Not certain that people are better off giving their own blood before surgery in case they need transfusion, when there is a safe blood bank

Although in developed countries the safety of blood supplies is high, there is still concern about contracting illness from transfusion. People often give their own blood before surgery for use if transfusion is needed (autologous donation). However, the review of trials found that it is not certain that people benefit. While pre-operative donation may reduce the chances of needing someone else's blood, it increases the chances of transfusion overall. It may be that donation causes some anaemia (low red blood cells), or surgeons are more likely to transfuse if autologous blood is available. Over-transfusion has risks, especially for older people.

Authors' conclusions: 

Although the trials of PAD showed a reduction in the need for allogeneic blood, the methodological quality of the trials was poor and the overall transfusion rates (allogeneic and/or autologous) in these trials were high, and were increased by recruitment into the PAD arms of the trials. This raises questions about the true benefit of PAD. In the absence of large, high quality trials using clinical endpoints, it is not possible to say whether the benefits of PAD outweigh the harms.

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Background: 

Public concerns regarding the safety of transfused blood have prompted reconsideration of the indications for the transfusion of allogeneic red cells (blood from an unrelated donor), and a range of techniques designed to minimise transfusion requirements.

Objectives: 

To examine the evidence for the efficacy of pre-operative autologous blood donation (PAD) in reducing the need for perioperative allogeneic red blood cell (RBC) transfusion.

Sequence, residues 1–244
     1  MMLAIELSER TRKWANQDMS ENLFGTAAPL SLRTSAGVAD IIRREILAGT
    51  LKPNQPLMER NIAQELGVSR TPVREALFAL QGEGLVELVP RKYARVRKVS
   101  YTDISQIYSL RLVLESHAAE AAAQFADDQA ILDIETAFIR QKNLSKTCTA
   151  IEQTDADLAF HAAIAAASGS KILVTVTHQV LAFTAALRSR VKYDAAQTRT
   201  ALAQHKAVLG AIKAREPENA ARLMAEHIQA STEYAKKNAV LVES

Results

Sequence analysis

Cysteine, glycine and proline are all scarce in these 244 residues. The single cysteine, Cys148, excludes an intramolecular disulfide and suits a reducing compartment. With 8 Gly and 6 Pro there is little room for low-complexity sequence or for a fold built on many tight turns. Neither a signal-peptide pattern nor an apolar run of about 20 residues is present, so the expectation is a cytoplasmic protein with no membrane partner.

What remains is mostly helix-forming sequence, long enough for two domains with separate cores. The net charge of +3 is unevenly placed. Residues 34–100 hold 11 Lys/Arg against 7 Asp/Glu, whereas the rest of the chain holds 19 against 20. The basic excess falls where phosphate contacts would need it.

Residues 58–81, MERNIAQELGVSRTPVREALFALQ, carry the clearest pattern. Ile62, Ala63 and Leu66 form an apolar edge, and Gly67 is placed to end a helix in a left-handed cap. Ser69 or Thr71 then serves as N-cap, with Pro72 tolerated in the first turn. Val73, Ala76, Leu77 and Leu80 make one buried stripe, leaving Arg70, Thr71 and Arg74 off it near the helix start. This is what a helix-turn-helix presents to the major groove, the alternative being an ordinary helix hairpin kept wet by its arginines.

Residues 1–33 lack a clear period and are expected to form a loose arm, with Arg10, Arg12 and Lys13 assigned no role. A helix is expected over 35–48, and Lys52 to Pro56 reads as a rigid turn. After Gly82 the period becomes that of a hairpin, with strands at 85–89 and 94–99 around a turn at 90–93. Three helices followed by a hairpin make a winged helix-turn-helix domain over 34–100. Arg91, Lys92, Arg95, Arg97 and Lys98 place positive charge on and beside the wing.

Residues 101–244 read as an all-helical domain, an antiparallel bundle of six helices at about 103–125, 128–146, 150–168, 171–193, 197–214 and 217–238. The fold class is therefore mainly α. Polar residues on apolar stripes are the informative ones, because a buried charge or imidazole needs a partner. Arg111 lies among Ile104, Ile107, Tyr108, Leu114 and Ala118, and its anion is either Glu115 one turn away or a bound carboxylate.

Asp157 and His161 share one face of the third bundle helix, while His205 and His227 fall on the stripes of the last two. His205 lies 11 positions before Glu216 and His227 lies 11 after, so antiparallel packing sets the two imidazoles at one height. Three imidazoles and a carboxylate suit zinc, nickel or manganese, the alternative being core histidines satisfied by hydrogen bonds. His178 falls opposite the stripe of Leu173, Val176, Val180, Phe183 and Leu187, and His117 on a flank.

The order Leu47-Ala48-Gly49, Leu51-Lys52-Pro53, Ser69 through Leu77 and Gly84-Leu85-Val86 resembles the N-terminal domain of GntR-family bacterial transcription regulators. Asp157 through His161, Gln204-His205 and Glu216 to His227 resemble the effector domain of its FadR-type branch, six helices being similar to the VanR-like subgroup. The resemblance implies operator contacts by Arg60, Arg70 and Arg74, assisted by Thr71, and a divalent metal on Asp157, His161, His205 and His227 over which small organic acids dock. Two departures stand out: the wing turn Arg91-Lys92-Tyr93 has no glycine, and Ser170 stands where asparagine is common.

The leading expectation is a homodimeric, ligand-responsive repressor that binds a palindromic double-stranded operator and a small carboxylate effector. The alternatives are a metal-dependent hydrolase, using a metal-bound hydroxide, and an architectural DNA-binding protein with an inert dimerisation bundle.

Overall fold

Search strategy: 

Articles were identified by searches of the electronic databases; MEDLINE (January 1950 to July 2009), EMBASE (January 1980 to Week 31, 2009), ISI Web of Science (inception to August 2009), The Cochrane Library 2009, Issue 3, and The Cochrane Injuries Group Specialised Register (searched August 7 2009). Reference lists in relevant publications were checked and authors were contacted to identify additional studies. The searches were updated in August 2009.

Selection criteria: 

Randomised controlled trials with a concurrent control group in which adult patients, scheduled for non-urgent surgery, were randomised to PAD, or to a control group who did not receive the intervention.

Data collection and analysis: 

Data were independently extracted and the risk of bias was assessed. Relative risks (RR) and mean differences (MD) with 95% confidence intervals (CIs) were calculated. Data were pooled using a random-effects model. The principal outcomes were the proportion of patients exposed to allogeneic red blood cells (RBCs) and the amount of blood transfused. Other clinical outcomes are detailed in the review.

Main results: 

Fourteen trials were included. Overall PAD reduced the risk of receiving an allogeneic blood transfusion by a relative 68% (RR 0.32; 95% CI 0.22 to 0.47). The absolute reduction in risk of allogeneic transfusion was 44% (risk difference (RD) -0.44; 95% CI -0.68 to -0.21). In contrast, the results show that the risk of receiving any blood transfusion (allogeneic and/or autologous) is increased by PAD (RR 1.24; 95% CI 1.02 to 1.51). There was evidence of significant heterogeneity for both of these outcomes.

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